I’m writing this from a chain coffee shop in a strip mall a few blocks from D’s elementary school. Today has been fragmented in the way so many of my days seem to be lately: a few hours making small talk with parents who are showing us the ropes of popcorn volunteering, a few hours on campus answering student emails and reading reviews of Halberstam’s new book about Lady Gaga and wondering whether I should assign it for my Mass Culture class next semester, back to the elementary school for the book fair, then the coffee shop, then back to the elementary school, then back across town to go home.
I wrote the other day about how I have this more is more is more problem, but maybe the problem isn’t the more, it’s the driving to get to the more. The girls go to school in a nearby district and we can’t afford the extended day care at the preschool, so on days when I’m working I drive D to kindergarten, then drive Lucy and Margeaux to my mom’s house or T’s mom’s house, then drive to campus, then drive to my downtown class, then drive back to campus. By noon I’ve spent around 90 minutes in the car. Now add the driving to gymnastics and dance, the drive to school and back on days when I’m not working, and let us not forget the 45 minute commute to the night class, and I’m starting to feel like I live in my car. If you need further evidence, just look at the mountains of jackets, shoes, empty travel mugs, granola bar wrappers, and mismatched gloves accumulating in the minivan.
One possibility is to try and move to the district where the girls are enrolled, home of the strip mall chain coffee shop. Housing prices are affordable here (if we could sell our house, a nightmare which I will address in another post). We love the elementary school and have every reason to believe we would continue to be satisfied with the academic experience. There’s a Spanish immersion program and a championship marching band. There’s also a Romney/Ryan/Take Back Our Country yard sign in every other front yard.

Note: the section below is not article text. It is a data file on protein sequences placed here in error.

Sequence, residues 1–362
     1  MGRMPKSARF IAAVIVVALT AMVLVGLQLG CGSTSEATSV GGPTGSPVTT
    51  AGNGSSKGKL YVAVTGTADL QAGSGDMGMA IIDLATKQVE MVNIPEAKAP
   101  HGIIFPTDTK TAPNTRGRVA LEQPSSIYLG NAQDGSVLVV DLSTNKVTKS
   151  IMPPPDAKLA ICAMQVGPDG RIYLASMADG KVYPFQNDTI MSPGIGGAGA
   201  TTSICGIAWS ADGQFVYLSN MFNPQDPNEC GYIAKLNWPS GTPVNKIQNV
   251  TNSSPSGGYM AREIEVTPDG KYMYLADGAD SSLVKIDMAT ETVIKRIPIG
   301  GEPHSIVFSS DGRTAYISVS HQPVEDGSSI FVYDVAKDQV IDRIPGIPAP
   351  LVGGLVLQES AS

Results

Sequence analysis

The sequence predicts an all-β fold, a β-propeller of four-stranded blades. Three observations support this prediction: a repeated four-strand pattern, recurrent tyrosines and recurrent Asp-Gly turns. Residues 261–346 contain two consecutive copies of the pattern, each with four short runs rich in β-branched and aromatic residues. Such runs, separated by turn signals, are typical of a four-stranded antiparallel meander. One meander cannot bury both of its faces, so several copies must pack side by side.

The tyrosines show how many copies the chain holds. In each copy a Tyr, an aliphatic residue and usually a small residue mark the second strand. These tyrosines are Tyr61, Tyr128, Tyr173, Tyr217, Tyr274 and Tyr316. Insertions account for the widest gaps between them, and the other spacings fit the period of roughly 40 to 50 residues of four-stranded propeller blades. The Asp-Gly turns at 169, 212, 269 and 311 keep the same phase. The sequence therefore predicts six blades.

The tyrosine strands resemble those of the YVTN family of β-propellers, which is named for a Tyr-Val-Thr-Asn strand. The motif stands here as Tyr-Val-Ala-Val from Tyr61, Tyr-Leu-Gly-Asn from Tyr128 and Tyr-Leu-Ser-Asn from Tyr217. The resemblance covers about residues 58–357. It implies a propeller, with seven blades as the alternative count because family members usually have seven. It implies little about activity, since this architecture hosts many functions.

The parents we’ve met have been lovely: friendly, funny, welcoming. I’ve asked lots of questions about the district, and everyone has been eager to be helpful, offering insight and perspective on teachers and schools. What I don’t know how to ask is, are we going to be welcome here once you find out we don’t go to church and my kids are ardent fans of President Obama? It seems crass, somehow, to bring it up, like I’m accusing them of intolerance when they’ve been nothing but genuine and kind. But I can’t help but wonder if it just hasn’t occurred to them that I’m an interloper of sorts, if they’re simply assuming that if we moved here we would join the neighborhood Bible study group and our kids would go to Sunday school with their kids.
I want to be clear that I’m not hesitant about living in a community where faith is an important part of many people’s lives. I just don’t know how to gauge the centrality of faith and politics in establishing relationships here, and one of the things I really am longing for is a neighborhood where I can have coffee with other moms and carpool to preschool and feel connected to my neighbors and my kids’ schools and my community.But if those activities all include Bible study, this is just not going to work.
I want less time driving and more time doing, and in order to get that, something’s gotta give. My schedule next semester is shaping up to be slightly less time intensive behind the wheel, but there’s still the crazy morning commute: so much time and money wasted. This might be the only area of my life where I can say with absolutely certainty that I want less. I just wish I knew how to figure out whether or not we might want to call this place home.